On the High Line: Exploring America’s Most Original Urban Park

In the three years since the High Line opened, it has become New York’s favorite park. Planted on the abandoned elevated railroad tracks that cross more than 20 blocks of the Meatpacking District, West Chelsea, and Hell’s Kitchen, the High Line is a unique public space, where people can get away from the city for a moment and look down on the hustle and bustle from a calm garden space. In On the High Line, lifelong New Yorker Annik La Farge thoroughly presents the park and its environs, providing histories of the railroad and its transformation over the years, the buildings around it, the changing nature of the neighborhoods it traverses, and its plants and wildlife.

The High Line’s originality springs from not only its situation as a park that provides panoramic urban views, but also from the fact that it has been planted with grasses and flowers not usually found in a public park or garden. La Farge takes the reader through the many plant species chosen by the High Line’s garden designer, Piet Oudolf, to complement the motif of “wildness” that runs through the park. Oudolf’s notion that the plants must be interesting in all stages of life (including death) accounts for the High Line’s popularity throughout the year, even during cold and windy winters.

What I found most intriguing about On the High Line was its vivid history of life in and around the raised tracks. The High Line was constructed in the 1930s so that trains coming into the city could bypass the increasing amount of street traffic. This was more than convenience for commuters. Keeping the trains out of the street also addressed safety issues. Pedestrian deaths had become such a huge problem that the city started hiring “West Side Cowboys,” men on horses who trotted in front of trains and warned people to get out of the way.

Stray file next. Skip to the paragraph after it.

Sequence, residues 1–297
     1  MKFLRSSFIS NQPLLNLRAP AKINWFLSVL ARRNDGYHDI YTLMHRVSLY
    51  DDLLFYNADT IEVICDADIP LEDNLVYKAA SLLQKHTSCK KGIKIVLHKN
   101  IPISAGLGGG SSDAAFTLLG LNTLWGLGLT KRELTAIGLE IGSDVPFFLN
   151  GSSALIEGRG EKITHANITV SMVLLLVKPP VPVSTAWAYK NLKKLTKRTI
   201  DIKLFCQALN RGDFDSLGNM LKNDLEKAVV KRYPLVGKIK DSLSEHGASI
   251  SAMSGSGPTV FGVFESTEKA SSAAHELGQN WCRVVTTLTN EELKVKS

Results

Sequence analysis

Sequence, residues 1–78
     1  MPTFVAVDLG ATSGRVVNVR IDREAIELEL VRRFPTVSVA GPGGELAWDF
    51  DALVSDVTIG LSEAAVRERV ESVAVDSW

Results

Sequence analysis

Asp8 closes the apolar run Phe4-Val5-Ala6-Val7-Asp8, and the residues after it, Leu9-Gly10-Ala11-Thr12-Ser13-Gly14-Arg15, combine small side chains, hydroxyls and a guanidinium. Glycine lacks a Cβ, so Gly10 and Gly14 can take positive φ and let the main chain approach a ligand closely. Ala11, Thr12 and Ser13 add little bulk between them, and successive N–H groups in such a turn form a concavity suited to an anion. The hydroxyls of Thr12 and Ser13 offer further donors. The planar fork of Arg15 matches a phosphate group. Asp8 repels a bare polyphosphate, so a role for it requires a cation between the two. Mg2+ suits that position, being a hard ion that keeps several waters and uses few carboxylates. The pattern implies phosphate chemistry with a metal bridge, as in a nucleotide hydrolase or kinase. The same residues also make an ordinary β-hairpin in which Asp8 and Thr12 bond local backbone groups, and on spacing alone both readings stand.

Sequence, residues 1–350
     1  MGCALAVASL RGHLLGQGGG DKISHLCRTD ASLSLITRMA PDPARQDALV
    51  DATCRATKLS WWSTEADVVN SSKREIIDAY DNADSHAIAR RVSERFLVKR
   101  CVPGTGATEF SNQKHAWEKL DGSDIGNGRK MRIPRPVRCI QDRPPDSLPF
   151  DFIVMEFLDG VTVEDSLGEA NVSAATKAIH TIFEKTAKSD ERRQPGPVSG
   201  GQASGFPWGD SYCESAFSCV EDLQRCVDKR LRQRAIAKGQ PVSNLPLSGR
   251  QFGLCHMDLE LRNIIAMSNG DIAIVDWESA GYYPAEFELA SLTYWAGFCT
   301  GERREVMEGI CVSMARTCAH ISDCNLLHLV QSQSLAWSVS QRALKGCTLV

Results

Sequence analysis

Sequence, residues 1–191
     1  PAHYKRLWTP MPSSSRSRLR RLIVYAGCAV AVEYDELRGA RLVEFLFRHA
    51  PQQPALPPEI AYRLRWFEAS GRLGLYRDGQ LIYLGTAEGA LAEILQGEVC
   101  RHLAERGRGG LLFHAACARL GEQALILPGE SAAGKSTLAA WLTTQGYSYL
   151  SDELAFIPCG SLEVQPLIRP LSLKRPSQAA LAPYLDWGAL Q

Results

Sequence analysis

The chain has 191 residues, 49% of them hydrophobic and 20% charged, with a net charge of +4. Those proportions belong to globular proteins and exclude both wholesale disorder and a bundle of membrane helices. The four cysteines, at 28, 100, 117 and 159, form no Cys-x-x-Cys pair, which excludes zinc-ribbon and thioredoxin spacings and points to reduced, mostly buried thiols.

Raising the train tracks presented opportunities for above-ground loading docks at the factories along the High Line. These included what would later become the Nabisco cookie factory, the Otis Elevator Company, which built elevators for the Eiffel Tower and the Empire State Building, and numerous meatpackers. Other buildings along the High Line later housed experiments relating to the Manhattan Project and hosted bohemian gatherings with the likes of Jean-Paul Sartre and Andy Warhol. The docks to the west of the High Line once accommodated the Lusitania and served as a drop-off point for survivors of the Titanic. The history of the High Line is, in a sense, a microcosmic history of New York itself.

Consisting of a compilation of beautiful color images complemented by short paragraphs and essays describing the history, plants, and buildings of the High Line, On the High Line: Exploring America’s Most Original Urban Park reads as a guide book (it includes a pull-out map) as well as an in-depth introduction to the history of New York. The High Line’s public art displays and surrounding galleries only play a minor role in the narrative, which instead focuses on the High Line itself as the work of art. A mobile app of On the High Line will be available next month, providing visitors with individualized private tours to “the new generation’s Central Park.”

—Elena Goukassian

Book Information:
On the High Line: Exploring America’s Most Original Urban Park
by Annik La Farge
New York: Thames & Hudson, 2012
218 pages, 400+ color illustrations, $29.95
ISBN: 978-0-500-29020-0

2 responses

  1. Dear Elena, thank you for your generous review of my book. I thought you and your readers might be interested in a story I posted on my High Line blog today about a sculpture by Charlie Hewitt that is being installed this weekend on the patio of Ten23, the condo that’s just opposite the High Line’s lawn. Here’s a link — http://livinthehighline.com/ — and thank you again.

    Annik La Farge

  2. Thank you, Annik, for your ongoing and enthusiastic reportage of developments on the High Line.

Leave a Reply

Fill in your details below or click an icon to log in:

WordPress.com Logo

You are commenting using your WordPress.com account. Log Out /  Change )

Google photo

You are commenting using your Google account. Log Out /  Change )

Twitter picture

You are commenting using your Twitter account. Log Out /  Change )

Facebook photo

You are commenting using your Facebook account. Log Out /  Change )

Connecting to %s

This site uses Akismet to reduce spam. Learn how your comment data is processed.

%d bloggers like this: